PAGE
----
As I have zero knowledge of Sweden, I am not in position to make any determinative judgement. I find the nexus of topics fascinating, as it cuts against consensus views on both sides of the traditional aisle. However, it has the feel of Haidt’s Coddling of the American Mind –that is, fascinating and appealing, but feels too simple to be fully true. To be fair, the article is adapted from a longer piece with full citations.

Wendell Berry and Higher Education |Reviewed by First Things

First Things reviewing Front Porch Republic Editor Jeffrey Bilbro’s book on Wendell Berry can only go well.

Higher education is currently designed to “prepare students and faculty alike for a ‘better place’ than home.” As Berry’s friend Wes Jackson has put it, “upward mobility” is now the only major offered. Baker and Bilbro join Jackson and Berry in calling for an education focused instead on “homecoming,” a course of study designed to help people fit into their particular places rather than join in the ruining of creation in accordance with an abstract notion of progress.

 

They also reply to some of Berry’s critics, such as those who see the language of “hierarchy” and “knowing your place” as a cover for repression based on sex and race. While acknowledging that a cycle of oppression is a real risk historically, the authors argue that the threat today comes not from “too-rigid hierarchies” but from “a chaotic lack of any order whatsoever.” With assists from Peter Leithart and Wilfred McClay, Baker and Bilbro propose that a proper “gratitude” includes the “freedom to correct and improve the gifts of our inheritance.”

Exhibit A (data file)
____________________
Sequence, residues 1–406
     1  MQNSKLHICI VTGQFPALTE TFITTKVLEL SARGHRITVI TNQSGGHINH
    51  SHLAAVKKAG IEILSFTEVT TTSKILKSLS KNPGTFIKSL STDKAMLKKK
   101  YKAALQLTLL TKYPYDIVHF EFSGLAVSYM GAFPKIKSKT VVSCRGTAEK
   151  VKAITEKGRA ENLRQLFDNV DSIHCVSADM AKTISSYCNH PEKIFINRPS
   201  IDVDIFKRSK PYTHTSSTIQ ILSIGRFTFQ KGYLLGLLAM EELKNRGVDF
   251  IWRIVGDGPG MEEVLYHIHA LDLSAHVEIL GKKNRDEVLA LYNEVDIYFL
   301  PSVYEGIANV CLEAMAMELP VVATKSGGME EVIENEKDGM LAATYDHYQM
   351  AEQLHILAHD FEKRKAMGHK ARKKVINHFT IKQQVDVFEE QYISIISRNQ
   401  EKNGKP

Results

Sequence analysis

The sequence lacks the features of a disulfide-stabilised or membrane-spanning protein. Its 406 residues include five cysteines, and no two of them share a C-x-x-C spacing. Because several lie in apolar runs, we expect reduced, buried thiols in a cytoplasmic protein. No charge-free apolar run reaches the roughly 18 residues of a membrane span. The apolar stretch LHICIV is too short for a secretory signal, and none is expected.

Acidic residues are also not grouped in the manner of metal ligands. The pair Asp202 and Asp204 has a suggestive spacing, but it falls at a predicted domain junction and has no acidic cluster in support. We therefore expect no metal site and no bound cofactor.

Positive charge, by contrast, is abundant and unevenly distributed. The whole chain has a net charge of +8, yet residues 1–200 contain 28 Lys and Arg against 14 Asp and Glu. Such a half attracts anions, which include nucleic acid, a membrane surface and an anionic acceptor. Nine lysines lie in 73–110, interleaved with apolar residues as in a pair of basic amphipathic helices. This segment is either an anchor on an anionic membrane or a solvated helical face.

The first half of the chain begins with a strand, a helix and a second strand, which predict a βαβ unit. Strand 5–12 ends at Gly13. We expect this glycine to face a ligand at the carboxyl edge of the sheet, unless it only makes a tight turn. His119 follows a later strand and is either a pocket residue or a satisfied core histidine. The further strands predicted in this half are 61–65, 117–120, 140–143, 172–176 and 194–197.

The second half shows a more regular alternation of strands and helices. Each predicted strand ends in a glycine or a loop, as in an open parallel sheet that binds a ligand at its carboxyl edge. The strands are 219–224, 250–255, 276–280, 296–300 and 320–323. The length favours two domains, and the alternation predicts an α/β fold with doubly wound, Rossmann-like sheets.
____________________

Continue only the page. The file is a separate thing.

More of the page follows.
Is Yoram Hazony’s “The Virtue of Nationalism” the localist’s response to a global liberal order?

For some time I’ve wondered what a localist response to the seeming necessity of an international liberal order would look like. RR Reno’s recent (and deeply disappointing) review of Jonah Goldberg’s Suicide of the West is an example of how to not make the case.